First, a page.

As crowd-driven business models become more advanced and widely adopted by geeks, entrepreneurs, politicians and social activists, I had the pleasure of speaking with an advocate for “all-crowd” models. Jan Hutchins, former mayor of Los Gatos and Television news anchor, currently CEO of the thought leadership marketing company, SocialAgenda Media, is known for his profound, social action-centric speeches, and ways he influenced and inspired audiences during his years on television and in political office to collaborate and work together toward common goals.
Jan, do you think great things can be achieved alone?
Jan Hutchins: Any great accomplishment is created and supported by a crowd of people almost by definition. Who does anything alone, unsupported by an army of unseen helpers? Who succeeds without a bevy of benefactors who pay for and adopt the product or service?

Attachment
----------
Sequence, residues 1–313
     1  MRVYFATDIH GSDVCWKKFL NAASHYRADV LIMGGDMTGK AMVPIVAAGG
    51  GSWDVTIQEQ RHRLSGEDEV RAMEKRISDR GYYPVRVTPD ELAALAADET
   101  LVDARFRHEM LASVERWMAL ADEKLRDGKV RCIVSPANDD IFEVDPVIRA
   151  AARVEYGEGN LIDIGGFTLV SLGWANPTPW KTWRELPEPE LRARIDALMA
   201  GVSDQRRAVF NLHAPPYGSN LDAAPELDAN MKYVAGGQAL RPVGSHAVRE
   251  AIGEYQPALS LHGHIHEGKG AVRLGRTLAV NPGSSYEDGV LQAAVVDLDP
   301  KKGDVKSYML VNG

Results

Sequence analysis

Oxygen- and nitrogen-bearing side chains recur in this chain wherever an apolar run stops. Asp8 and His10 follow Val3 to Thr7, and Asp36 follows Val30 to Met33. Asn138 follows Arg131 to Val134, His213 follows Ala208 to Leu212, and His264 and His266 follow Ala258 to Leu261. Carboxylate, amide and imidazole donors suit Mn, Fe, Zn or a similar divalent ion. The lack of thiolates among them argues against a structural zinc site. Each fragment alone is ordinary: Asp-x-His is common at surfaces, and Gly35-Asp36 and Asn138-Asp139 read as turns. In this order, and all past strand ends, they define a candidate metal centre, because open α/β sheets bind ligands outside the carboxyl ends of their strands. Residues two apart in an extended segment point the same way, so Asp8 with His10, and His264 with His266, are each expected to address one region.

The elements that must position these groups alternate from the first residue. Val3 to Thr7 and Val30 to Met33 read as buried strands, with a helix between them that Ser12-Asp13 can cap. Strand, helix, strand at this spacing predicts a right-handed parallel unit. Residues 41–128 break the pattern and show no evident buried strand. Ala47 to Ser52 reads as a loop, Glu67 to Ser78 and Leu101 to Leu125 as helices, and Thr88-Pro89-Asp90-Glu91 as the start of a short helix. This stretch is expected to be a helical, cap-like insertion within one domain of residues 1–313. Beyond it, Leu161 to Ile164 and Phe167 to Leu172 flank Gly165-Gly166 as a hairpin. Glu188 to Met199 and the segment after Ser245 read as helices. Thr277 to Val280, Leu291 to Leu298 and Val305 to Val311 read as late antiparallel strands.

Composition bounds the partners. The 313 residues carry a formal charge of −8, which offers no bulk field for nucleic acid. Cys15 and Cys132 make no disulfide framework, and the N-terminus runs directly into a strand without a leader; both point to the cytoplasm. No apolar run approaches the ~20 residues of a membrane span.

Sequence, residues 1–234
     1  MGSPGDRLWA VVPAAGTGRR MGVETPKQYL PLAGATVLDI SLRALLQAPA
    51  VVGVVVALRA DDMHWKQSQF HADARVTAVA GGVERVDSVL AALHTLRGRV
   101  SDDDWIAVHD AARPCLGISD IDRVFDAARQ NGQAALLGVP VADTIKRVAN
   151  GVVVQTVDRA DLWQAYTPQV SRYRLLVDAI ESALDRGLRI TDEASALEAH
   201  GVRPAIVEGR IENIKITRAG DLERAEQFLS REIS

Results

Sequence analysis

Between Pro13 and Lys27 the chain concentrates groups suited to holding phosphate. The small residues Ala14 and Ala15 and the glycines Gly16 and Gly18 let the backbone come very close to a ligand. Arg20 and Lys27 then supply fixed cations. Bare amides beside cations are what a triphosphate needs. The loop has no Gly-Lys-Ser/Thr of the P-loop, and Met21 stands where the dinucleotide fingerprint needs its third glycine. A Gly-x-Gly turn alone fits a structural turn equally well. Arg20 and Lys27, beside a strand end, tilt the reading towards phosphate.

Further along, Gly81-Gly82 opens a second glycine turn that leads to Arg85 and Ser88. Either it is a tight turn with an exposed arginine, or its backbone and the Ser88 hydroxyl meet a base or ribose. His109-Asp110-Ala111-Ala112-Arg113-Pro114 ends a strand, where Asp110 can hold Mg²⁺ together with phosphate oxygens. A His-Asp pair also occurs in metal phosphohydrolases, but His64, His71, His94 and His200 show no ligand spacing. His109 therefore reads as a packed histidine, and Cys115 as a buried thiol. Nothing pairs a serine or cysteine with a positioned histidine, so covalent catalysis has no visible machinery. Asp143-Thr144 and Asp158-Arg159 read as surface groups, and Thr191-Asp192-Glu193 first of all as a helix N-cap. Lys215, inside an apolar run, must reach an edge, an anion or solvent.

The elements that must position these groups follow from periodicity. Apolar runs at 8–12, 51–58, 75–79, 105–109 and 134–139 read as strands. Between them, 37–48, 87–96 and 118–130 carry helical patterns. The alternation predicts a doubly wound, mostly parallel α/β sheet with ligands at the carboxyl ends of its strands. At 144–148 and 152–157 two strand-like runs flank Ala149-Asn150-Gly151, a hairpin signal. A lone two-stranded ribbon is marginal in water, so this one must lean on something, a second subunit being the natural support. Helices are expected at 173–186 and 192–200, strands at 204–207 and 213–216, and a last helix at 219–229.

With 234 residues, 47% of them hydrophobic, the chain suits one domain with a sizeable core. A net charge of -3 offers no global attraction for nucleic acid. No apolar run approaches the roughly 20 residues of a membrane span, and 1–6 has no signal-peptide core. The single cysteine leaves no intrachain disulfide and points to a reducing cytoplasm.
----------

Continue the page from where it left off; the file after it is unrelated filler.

In media and elsewhere you advocate focusing on solutions vs re-living problems. What world problems are you passionate to solve? How can equally passionate tribes solve them?
Jan Hutchins: Most of us are trained to think the locus of control is outside of ourselves and that we are in some way alone battling forces arrayed against us. We therefore consider challenges to what we want as “problems” to be solved and something that actually exists in a kind of static, unchanging way. So we fight “wars” against drugs, terror, poverty, etc. as though the enemy to be conquered is tangible, real and a static situation to be solved. It is these mistaken illusions about life many of us humans hold as beliefs that arouse my passion to address.